The question of the day isn’t what President Obama will speak about when he addresses the opening session of the U.N. General Assembly shortly after 10 a.m. ET.
Among the subjects he’ll address are some rather obvious topics: the crisis in Syria, the Middle East peace process, the terrorist attack on a mall in Kenya, and the West’s relations with Iran.
No, the big question is whether Obama and new Iranian President Hassan Rouhani will cross paths and possibly even exchange words or a handshake.
As NPR’s Ari Shapiro said on Morning Edition, it would be “huge” if that happens because the leaders of the U.S. and Iran haven’t met since before the 1979 Iranian Revolution. The White House, Ari added, has been “very coy” about whether Obama will see Rouhani.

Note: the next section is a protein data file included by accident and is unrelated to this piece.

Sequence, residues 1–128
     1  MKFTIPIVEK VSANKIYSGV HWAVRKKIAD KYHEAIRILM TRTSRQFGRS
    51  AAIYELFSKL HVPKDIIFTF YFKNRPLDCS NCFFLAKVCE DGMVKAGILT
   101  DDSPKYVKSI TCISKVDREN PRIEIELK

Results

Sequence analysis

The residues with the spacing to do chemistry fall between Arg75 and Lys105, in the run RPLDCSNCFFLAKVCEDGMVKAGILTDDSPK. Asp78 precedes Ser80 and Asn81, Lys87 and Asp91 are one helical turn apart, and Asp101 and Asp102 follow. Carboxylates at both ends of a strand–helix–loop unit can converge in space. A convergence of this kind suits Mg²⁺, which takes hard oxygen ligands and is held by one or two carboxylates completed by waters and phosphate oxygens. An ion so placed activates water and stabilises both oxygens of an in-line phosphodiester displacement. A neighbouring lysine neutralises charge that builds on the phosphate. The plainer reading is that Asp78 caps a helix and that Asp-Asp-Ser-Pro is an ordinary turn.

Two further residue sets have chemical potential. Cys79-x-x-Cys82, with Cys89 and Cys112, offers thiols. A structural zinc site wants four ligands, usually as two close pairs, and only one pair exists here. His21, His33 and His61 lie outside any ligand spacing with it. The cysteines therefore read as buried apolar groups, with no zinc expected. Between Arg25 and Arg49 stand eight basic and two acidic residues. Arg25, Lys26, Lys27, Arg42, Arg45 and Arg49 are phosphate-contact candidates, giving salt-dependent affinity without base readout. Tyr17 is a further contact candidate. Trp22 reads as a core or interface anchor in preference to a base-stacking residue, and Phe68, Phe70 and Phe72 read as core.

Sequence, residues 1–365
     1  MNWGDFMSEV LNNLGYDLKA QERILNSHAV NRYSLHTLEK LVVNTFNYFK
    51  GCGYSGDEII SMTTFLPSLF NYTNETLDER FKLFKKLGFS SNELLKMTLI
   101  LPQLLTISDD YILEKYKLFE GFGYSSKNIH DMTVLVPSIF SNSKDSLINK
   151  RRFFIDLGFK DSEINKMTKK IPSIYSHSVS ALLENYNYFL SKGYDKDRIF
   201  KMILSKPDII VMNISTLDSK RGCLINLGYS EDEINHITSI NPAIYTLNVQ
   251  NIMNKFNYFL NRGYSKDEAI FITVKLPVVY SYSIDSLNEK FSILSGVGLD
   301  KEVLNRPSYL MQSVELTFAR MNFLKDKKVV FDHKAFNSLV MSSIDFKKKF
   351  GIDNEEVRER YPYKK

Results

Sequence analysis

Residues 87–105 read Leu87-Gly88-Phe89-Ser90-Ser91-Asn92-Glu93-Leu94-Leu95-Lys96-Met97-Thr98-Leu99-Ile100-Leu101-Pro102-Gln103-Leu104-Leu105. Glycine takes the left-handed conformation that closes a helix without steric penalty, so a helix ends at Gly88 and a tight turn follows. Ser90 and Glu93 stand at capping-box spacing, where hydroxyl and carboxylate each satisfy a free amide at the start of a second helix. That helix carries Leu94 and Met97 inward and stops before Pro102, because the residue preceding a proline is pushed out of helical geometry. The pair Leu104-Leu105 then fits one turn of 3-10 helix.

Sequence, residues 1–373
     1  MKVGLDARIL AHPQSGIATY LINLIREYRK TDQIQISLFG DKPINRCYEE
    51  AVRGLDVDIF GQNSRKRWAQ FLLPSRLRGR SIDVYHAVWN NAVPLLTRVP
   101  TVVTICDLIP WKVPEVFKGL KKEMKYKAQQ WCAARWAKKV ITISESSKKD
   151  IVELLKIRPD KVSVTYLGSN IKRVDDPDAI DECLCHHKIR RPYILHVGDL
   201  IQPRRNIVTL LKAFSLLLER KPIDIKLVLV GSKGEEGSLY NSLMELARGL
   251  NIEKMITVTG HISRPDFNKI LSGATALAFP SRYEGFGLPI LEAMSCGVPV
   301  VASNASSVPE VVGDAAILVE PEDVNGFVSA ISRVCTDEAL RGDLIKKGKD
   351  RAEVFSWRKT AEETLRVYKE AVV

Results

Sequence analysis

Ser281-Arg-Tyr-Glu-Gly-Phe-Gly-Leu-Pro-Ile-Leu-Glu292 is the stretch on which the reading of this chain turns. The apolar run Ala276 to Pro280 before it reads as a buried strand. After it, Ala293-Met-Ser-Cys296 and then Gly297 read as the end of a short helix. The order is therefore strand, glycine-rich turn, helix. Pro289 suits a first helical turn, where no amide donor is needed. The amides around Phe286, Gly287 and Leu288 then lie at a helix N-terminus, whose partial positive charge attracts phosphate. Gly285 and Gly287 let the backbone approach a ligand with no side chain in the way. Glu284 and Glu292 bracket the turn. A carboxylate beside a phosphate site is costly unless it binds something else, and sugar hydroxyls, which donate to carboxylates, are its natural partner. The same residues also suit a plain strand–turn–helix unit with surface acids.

Ari noted that when a White House spokesman was asked whether the two leaders might encounter each other by happenstance, the official said no such thing “would happen by happenstance.”
So, if Obama and Rouhani — who have exchanged letters — do exchange greetings, we should assume it wasn’t an accidental meeting and was meant to signal that relations between their two nations might be improving.
Also on Morning Edition, NPR’s Michele Kelemen previewed Rouhani’s address to the General Assembly. As she said, diplomats are “cautiously optimistic” about the moderate-wounding Rouhani and the prospects for negotiations about Iran’s nuclear ambitions.
Rouhani is scheduled to address the General Assembly at mid-afternoon Tuesday. A rough agenda with the order of speakers is here. We’ll be posting highlights of the two presidents’ addresses and other leaders’ speeches.